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Explanation of a phil. of sci. prompt & suggestions for phil. of math books

  1. Apr 15, 2012 #1
    Exactly what the title says.

    The prompt is this: Chose an actual example of scientific explanation, and use it to evaluate Hempel's and Ruben's accounts of explanation.

    I am not understanding the second part, how I am supposed to use an example to evaluate Hempel's and Ruben's accounts of explanation (Hempel's DN model and Ruben's causal single statement view of explanation). Am I supposed to present the example in the context of Hempel's and Ruben's accounts of explanation? Would appreciate some clarification.

    Secondly, I was wonder if you guys knew of any introductory or somewhat moderate treatment of philosophy of math. I think I have a decent math background at the moment but not graduate school level. Are there any accessible and readable material of that field?

  2. jcsd
  3. Apr 21, 2012 #2
    You can start out with the really short book "Introduction to Mathematical Philosophy" by Bertrand Russell (available for free online here), and if you like that you can read his longer book "Principles of Mathematics", available for free online here (not to be confused with his three-volume symbolic treatise the Principia Mathematica). I also recommend "Philosophy of Mathematics: Selected Readings" by Paul Benacerraf and Hilary Putnam (if you read this book, make sure you read the introduction, which is excellent), which has excerpts from the books of different philosophers of mathematics.

    There are a variety of philosophies of mathematics, which have dramatically different views on what mathematics really is. By far the most popular view (among mathematicians and philosophers of mathematics at least) is known as Mathematical Platonism, according to which mathematics consists of statements that are objectively true and are independent of the human mind. To sum up, in this view mathematics is discovered, not invented. Gottlob Frege famously held this view, and he tried to argue that all mathematics can be reduced to logical tautologies. I recommend reading his short book "The Foundations of Arithmetic".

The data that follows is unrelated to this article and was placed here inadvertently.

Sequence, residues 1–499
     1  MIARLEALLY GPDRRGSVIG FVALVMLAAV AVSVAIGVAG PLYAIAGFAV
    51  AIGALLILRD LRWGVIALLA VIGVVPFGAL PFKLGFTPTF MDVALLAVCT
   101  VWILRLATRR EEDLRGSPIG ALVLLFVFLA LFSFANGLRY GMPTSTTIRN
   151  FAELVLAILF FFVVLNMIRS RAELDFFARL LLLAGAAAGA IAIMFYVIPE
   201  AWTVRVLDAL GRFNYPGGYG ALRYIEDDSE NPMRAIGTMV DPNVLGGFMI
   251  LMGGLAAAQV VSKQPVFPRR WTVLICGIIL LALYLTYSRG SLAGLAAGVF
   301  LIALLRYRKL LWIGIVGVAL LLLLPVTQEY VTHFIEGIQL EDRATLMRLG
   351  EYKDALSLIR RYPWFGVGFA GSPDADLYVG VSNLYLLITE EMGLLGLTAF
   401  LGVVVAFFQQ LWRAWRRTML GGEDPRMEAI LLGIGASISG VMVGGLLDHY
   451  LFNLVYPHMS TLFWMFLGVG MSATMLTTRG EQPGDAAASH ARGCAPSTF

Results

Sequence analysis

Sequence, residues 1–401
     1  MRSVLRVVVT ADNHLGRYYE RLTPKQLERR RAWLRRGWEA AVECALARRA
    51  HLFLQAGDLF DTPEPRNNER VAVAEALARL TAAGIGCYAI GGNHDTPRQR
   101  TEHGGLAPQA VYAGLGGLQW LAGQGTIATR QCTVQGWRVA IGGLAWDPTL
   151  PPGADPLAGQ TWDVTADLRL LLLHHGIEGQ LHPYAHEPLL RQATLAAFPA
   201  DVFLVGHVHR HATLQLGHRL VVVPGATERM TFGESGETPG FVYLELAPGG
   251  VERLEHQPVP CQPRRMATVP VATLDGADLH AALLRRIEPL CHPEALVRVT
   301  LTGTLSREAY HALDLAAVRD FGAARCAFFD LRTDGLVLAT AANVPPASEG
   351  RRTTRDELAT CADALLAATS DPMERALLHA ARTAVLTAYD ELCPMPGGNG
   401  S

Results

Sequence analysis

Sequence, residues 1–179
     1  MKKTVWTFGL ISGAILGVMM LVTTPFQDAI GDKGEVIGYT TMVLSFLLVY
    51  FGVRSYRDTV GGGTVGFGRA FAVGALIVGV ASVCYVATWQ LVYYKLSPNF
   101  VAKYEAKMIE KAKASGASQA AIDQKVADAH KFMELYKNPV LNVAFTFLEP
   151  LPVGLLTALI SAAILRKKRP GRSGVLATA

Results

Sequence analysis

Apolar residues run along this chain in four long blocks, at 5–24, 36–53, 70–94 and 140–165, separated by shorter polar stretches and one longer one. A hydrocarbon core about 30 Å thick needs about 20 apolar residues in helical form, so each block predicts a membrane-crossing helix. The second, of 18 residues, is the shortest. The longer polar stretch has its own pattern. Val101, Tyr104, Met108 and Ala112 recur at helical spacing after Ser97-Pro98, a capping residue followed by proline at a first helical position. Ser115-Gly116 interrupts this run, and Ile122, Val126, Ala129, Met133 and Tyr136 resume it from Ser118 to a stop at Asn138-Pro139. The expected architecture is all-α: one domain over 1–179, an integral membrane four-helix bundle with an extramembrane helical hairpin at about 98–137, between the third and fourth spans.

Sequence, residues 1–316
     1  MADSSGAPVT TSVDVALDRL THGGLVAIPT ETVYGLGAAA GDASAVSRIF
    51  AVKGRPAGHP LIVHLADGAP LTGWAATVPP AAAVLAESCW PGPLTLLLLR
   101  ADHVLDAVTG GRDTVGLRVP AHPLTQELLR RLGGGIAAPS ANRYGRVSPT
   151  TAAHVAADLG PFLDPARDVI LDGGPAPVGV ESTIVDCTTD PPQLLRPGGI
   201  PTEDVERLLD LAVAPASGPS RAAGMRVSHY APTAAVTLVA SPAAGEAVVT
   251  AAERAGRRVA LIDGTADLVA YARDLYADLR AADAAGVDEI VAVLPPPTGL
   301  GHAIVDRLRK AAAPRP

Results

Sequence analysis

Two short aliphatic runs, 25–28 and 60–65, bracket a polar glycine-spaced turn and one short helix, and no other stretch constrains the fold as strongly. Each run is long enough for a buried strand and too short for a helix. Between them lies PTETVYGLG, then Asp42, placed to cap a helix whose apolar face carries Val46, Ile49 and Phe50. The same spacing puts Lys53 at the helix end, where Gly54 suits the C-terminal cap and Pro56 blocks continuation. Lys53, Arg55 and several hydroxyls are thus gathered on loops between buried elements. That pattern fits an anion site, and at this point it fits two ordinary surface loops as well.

On the other extreme, there are the people who say that mathematics is just an arbitrary creation of the human mind. The people who believed this used to be fringe people known as constructivists or intuitionists, like Brouwer and Heyting, who tried to create a severely restricted form of mathematics which only allowed the parts of mathematics which could be directly justified by human mental activity. But nowadays there are people who try to explain all of mathematics, not just some restricted version of it, based on human psychology. You can read the book "Where Mathematics Comes From" by George Lakoff for a defense of that position.

    I happen to be in the Platonist camp, but maybe you'll prefer something else. There are definitely a lot more views to choose from. For instance, there is physism, which says that humans invented mathematics not as some arbitrary creation of their minds, but by observing patterns in the physical world (like you put one rock next to another rock, and you find that there are now two rocks, so you conclude that 1+1=2). This view goes back to Aristotle, but Roland Omnes recently wrote a nice book "Converging Realities" concerning this.

    The philosophy of mathematics has been fascinating to me for a long time, so feel free to ask any questions about it, or if you want more book recommendations tailored to your interests in the philosophy of math.
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